RB: This sort of brings us back to the historical points that you were making earlier. It sounds like, thinking back to, say, the history of the early Industrial Revolution, when small groups of people—sometimes one or two people—got together and had great ideas, and were able to put together machines that, for their time, were remarkable. But if you think back to, say, the first steam engines now, they are obviously very crudely engineered products. So it seems like the implication here is that we in the software engineering field are still in that early phase where people sort of bang things together, and they kind of work, but they don't have a lot of quality—whether we're talking about functional, structural, or aesthetic quality. Do you see us on a similar trajectory, as engineers, and can we expect that the next 50 years will bring us maturation of software engineering?

CJ: Well, I think we will mature over 50 years. But if you look at the history of computing and software from the 1960s forward, when I got into the industry in the late '60s, there were a lot of computer manufacturers—IBM, RCA, Honeywell, Bull, and quite a few others—Control Data Corporation, Digital Equipment. One of the more interesting large-scale industrial studies demonstrated that one of the reasons that IBM tended to dominate the others was because IBM had better quality, and better customer service and customer support than their major competitors. So they were able to ship complicated products with fewer bugs, and then fix them faster (when customers found those bugs and had trouble with them) than their competitors. And not only for computers, but for other kinds of manufactured products, such as automobiles or television sets, that same phenomenon tends to lead to increases in market share. In other words, the companies with the best quality, the lowest delivered defect rates, and the best customer support end up surviving and doing well, whereas companies with similar products that don't have good customer support don't do so well. In fact, a current proof of the existence of this phenomenon is Apple. Every time you look at something that evaluates customer support, Apple turns out to be near the top of the list—and look at their market capitalization and value. What's happened to Apple primarily is a result of building innovative products, but also making sure that they work pretty well and have good support when they're released.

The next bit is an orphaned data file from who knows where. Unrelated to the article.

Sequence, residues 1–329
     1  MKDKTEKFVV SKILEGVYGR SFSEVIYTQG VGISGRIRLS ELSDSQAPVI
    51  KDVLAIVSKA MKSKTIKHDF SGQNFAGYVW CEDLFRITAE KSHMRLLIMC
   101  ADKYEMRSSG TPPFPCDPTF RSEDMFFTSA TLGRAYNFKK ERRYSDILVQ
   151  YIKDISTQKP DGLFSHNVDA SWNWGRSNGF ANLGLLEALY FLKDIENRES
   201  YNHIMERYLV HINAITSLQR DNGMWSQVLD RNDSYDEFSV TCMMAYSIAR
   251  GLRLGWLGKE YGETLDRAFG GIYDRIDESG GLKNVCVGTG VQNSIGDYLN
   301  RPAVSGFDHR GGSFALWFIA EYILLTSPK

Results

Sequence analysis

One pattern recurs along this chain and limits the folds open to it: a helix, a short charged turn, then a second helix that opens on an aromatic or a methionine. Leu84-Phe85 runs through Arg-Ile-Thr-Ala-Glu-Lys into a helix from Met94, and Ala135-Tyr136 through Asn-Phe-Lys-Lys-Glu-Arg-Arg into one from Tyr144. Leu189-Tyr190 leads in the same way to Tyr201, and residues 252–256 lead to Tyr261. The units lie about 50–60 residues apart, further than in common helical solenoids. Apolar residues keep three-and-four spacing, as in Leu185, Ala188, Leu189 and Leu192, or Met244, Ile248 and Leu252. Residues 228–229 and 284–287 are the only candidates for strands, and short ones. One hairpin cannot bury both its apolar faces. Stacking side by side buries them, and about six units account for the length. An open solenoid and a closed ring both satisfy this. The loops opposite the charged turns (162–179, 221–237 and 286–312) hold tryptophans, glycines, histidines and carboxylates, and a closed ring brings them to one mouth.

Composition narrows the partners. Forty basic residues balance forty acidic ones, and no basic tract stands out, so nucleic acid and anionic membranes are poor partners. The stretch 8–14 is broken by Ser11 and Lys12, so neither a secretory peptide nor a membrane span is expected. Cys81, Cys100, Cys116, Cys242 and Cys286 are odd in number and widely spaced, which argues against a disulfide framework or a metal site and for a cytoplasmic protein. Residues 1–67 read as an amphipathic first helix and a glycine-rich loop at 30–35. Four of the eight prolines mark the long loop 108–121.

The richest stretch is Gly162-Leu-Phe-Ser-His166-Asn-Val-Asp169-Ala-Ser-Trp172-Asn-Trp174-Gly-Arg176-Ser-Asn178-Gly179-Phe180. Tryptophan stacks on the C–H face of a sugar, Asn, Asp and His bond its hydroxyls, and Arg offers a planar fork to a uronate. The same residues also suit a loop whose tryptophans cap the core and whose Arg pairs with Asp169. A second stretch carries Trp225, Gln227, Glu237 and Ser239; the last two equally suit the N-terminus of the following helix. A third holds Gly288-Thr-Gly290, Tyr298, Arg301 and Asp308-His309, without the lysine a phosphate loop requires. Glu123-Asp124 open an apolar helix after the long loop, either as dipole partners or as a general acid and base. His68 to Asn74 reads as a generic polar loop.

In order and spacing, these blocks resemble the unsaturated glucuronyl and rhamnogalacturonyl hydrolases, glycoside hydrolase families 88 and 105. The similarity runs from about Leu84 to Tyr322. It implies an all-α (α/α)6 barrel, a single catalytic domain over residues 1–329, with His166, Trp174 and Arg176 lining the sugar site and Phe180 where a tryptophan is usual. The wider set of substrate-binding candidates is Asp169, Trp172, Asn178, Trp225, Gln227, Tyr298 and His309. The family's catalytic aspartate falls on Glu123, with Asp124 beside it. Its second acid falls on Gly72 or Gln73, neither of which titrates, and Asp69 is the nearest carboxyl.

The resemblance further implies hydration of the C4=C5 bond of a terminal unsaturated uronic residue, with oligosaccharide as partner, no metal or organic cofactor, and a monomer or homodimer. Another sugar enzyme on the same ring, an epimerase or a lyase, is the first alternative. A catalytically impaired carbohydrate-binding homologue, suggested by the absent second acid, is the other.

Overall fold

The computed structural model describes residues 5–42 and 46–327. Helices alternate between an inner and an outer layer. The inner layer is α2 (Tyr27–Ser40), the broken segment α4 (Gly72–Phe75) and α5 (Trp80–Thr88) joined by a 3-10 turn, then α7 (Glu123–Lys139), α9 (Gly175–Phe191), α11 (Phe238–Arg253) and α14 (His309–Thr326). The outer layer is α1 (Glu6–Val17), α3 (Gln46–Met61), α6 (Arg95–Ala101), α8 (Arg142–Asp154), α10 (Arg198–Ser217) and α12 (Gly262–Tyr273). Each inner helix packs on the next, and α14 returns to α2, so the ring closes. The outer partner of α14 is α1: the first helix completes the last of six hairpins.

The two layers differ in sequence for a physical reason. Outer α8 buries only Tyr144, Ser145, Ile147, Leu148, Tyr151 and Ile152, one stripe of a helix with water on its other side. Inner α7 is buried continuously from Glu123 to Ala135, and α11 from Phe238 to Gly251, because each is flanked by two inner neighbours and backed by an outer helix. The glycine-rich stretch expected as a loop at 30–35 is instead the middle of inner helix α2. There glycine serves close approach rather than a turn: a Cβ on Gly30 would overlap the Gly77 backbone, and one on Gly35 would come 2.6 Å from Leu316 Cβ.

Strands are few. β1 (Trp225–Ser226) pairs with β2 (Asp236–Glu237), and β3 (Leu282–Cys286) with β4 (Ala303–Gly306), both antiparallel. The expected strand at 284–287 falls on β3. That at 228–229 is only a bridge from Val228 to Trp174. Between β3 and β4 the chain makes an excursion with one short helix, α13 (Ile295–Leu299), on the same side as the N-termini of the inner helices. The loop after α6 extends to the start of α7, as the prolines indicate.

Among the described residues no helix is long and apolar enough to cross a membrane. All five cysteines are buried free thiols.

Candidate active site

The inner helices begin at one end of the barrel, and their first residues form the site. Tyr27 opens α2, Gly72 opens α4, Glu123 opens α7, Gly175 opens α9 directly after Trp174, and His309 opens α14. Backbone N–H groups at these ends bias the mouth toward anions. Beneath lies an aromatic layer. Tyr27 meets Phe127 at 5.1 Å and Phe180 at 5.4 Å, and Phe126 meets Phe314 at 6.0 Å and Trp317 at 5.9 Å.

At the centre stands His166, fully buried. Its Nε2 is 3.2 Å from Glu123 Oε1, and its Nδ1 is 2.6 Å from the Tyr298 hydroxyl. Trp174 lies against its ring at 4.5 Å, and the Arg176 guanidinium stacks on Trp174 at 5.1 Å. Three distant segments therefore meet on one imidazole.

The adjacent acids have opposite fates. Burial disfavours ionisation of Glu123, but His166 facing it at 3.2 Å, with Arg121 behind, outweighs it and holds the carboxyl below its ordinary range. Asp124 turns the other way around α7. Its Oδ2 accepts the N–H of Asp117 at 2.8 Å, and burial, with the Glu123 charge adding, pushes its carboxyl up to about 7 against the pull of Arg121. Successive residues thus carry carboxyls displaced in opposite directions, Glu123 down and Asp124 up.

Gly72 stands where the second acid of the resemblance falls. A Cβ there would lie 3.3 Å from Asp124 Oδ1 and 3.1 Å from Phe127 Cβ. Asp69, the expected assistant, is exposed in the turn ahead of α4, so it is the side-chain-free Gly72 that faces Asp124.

RB: Good point. Even having been in this field, testing and quality, for years myself, your book has certainly helped raise my awareness of the magnitude of the quality situation with software. I hope a lot of people read it, so that a lot more people do become aware. I know you mentioned that it's kind of like a self-help book—it can only help those who pick it up—and I hope a lot of people do. Have you seen signs over the span of your career, Capers, that we are as an industry gradually becoming more aware of the financial side of software quality?